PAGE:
It is at this point that the GSL comes into play. Before we continue, we should mention that not all brokers offer GSLs. More often that not, it will be the market maker who offers this service. A guaranteed stop-loss in Forex is like an insurance policy. You can take it out with the intention of protecting your trades, but hopefully you will never have to use it. The main points of a GSL in currency trading are:
- It can only be placed 5% away from the current close.
- Its use is frequently at the discretion of your Forex broker.
- It can be placed by phoning in, instead of having to go online.
- There can be time limitations. For instance, you may not be able to place a Forex guaranteed stop-loss within thirty minutes of the stock market closing.
- Many Forex brokers do not offer GSL at all.
- They tend to cost more to place than a standard order.
Taking all of this information in consideration, let's consider who actually benefits from a GSL. The first group that comes to mind is traders who feel they need additional protection during times of uncertainty. It can also be useful for traders or speculators who trade with excessive amounts of leverage. The last group is traders who want a safety net for worst case stock market scenarios - i.e global crises, geopolitical and economic turmoil.
One might ask whether or not guaranteed stop-losses for Forex are really necessary in FX trading. Many full-time Forex traders want to keep their trading costs low, so guaranteed stop-losses do not really have a place in their trading portfolio. However, it comes down to your own tolerance for risk, or even more importantly - your own desire to remove the worst case scenario.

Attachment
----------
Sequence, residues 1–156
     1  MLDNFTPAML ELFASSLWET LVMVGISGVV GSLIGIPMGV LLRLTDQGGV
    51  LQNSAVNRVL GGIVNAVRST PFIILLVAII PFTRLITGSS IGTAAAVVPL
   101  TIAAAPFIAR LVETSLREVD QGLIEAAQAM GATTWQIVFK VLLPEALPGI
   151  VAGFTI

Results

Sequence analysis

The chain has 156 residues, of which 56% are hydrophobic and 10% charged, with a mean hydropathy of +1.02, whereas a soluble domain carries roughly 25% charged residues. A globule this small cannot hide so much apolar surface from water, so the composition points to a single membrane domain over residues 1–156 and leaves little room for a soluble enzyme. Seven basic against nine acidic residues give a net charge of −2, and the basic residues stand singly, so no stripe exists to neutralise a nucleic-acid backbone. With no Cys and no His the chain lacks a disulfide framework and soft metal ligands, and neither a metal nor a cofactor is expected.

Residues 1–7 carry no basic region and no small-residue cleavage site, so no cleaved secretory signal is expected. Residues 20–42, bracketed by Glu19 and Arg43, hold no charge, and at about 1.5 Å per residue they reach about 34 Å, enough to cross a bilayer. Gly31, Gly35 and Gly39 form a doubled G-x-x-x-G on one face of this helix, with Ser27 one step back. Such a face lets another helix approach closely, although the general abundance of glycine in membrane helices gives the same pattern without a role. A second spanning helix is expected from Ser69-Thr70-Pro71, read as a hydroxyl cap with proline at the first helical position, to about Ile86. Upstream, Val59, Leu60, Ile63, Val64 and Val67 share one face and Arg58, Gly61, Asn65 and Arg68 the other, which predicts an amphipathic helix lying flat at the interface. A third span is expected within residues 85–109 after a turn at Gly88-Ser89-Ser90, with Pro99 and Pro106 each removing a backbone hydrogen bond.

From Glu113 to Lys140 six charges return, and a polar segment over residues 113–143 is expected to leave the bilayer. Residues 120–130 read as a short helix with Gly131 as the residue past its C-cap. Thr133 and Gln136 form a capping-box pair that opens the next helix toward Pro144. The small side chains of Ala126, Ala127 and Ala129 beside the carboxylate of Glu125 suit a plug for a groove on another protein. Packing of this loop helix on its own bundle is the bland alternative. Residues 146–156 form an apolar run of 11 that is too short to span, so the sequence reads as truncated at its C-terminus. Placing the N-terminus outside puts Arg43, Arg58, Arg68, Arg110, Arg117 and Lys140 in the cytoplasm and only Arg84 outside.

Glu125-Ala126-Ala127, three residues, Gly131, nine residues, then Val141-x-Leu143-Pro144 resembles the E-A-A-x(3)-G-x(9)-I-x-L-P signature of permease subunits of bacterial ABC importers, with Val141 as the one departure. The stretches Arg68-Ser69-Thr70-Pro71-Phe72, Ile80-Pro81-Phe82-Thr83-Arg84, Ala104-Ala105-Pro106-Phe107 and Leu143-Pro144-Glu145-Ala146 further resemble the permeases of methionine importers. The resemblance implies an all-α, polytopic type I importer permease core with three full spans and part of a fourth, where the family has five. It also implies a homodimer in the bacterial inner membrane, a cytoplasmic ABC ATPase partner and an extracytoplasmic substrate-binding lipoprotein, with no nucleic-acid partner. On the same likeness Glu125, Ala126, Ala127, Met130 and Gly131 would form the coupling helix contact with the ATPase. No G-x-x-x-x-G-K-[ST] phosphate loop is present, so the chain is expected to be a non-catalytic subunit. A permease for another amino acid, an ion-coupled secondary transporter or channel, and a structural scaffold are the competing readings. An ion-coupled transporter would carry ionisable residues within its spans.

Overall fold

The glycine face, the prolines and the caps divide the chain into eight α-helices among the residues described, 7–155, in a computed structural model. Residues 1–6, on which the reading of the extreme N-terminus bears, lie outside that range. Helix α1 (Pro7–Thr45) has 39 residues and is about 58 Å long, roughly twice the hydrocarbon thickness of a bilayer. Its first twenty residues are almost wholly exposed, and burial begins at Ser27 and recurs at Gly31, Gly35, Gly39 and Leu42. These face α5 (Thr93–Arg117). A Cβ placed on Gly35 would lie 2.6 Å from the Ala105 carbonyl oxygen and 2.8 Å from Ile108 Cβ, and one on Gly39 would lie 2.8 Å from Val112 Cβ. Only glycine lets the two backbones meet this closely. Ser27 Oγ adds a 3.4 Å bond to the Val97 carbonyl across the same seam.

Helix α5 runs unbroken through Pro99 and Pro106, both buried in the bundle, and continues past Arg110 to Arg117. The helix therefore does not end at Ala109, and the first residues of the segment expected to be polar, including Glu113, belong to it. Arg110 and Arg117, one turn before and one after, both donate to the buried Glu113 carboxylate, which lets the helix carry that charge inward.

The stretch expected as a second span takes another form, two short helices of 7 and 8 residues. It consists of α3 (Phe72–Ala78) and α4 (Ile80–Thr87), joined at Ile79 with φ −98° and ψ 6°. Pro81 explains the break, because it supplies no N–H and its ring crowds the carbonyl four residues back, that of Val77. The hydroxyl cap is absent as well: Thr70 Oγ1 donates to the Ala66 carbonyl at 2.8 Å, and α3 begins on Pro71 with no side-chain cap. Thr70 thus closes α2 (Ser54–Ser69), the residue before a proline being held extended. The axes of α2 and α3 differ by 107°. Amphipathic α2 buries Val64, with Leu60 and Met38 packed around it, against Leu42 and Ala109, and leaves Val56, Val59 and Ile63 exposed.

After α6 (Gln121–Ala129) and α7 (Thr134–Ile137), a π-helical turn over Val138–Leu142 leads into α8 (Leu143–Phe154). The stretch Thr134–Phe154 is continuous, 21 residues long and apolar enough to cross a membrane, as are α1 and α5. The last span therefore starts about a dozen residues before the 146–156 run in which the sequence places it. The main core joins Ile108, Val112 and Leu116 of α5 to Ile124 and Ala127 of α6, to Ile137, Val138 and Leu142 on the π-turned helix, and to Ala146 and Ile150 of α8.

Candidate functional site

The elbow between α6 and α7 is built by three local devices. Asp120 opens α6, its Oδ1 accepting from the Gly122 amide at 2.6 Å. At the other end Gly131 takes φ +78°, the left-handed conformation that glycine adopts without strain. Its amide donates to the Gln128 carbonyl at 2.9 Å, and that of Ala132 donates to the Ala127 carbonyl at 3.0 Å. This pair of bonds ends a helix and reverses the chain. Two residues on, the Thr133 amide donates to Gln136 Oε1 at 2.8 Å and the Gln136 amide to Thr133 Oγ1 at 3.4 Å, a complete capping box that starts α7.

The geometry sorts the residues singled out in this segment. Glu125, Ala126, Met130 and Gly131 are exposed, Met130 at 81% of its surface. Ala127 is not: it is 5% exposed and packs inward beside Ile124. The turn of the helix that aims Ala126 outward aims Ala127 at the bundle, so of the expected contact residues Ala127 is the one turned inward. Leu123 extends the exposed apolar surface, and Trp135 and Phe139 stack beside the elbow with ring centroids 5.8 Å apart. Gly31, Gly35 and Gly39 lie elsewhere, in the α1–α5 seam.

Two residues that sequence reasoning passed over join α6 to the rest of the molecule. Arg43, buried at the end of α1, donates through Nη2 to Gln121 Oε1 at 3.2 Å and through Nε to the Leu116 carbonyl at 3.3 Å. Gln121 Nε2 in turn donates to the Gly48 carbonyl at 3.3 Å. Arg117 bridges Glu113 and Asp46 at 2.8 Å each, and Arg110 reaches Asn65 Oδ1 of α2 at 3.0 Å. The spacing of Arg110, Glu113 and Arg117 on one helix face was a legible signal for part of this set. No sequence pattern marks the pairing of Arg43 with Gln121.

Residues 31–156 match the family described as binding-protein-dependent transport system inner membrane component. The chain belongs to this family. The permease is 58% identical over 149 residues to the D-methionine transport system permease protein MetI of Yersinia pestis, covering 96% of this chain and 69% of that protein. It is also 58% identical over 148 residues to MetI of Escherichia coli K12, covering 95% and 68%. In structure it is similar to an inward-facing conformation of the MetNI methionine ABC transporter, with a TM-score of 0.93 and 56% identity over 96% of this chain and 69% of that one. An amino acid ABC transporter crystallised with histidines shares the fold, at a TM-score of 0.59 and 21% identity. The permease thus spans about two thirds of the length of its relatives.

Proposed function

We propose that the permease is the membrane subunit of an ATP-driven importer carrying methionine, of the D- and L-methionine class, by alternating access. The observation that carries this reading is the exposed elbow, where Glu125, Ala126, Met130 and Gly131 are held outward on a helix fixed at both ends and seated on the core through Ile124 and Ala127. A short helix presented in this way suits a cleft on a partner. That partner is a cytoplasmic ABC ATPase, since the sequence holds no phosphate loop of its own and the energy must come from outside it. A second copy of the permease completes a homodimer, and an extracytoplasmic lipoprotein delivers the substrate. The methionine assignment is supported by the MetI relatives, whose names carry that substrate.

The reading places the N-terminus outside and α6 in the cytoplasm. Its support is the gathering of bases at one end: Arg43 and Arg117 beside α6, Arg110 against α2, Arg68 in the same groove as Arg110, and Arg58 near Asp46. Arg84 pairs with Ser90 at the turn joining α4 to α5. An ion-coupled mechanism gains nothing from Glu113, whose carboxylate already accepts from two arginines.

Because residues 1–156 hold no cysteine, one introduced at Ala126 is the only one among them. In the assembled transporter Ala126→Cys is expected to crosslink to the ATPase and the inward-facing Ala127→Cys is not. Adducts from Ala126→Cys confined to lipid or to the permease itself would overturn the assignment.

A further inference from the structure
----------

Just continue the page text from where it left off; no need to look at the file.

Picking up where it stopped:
However, you may not require GSL if you trade with little or no leverage, and instead only trade with rational positions. Also, if you trade with the trend and utilise stop-losses that permit you to cut your loss off short, a GSL is not something that is vital for your trading.
As you can see, a stop-loss order, especially a guaranteed one is a simple tool, yet many investors fail to use it correctly.
Whether preventing excessive amounts of losses, or just locking in profits, almost all investing styles can benefit from such a tool. Think of stop-loss as a warranty. You hope you will never have to use it, but it is nice to know you have the protection should you need it. If you trade with high levels of leverage, enjoy trading against the predominant trend, think selecting tops and bottoms is a good way to make money, and are happy to cover the costs, then Forex guaranteed stop-loss is exactly what you need.
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This material does not contain and should not be construed as containing investment advice, investment recommendations, an offer of or solicitation for any transactions in financial instruments. Please note that such trading analysis is not a reliable indicator for any current or future performance, as circumstances may change over time. Before making any investment decisions, you should seek advice from independent financial advisors to ensure you understand the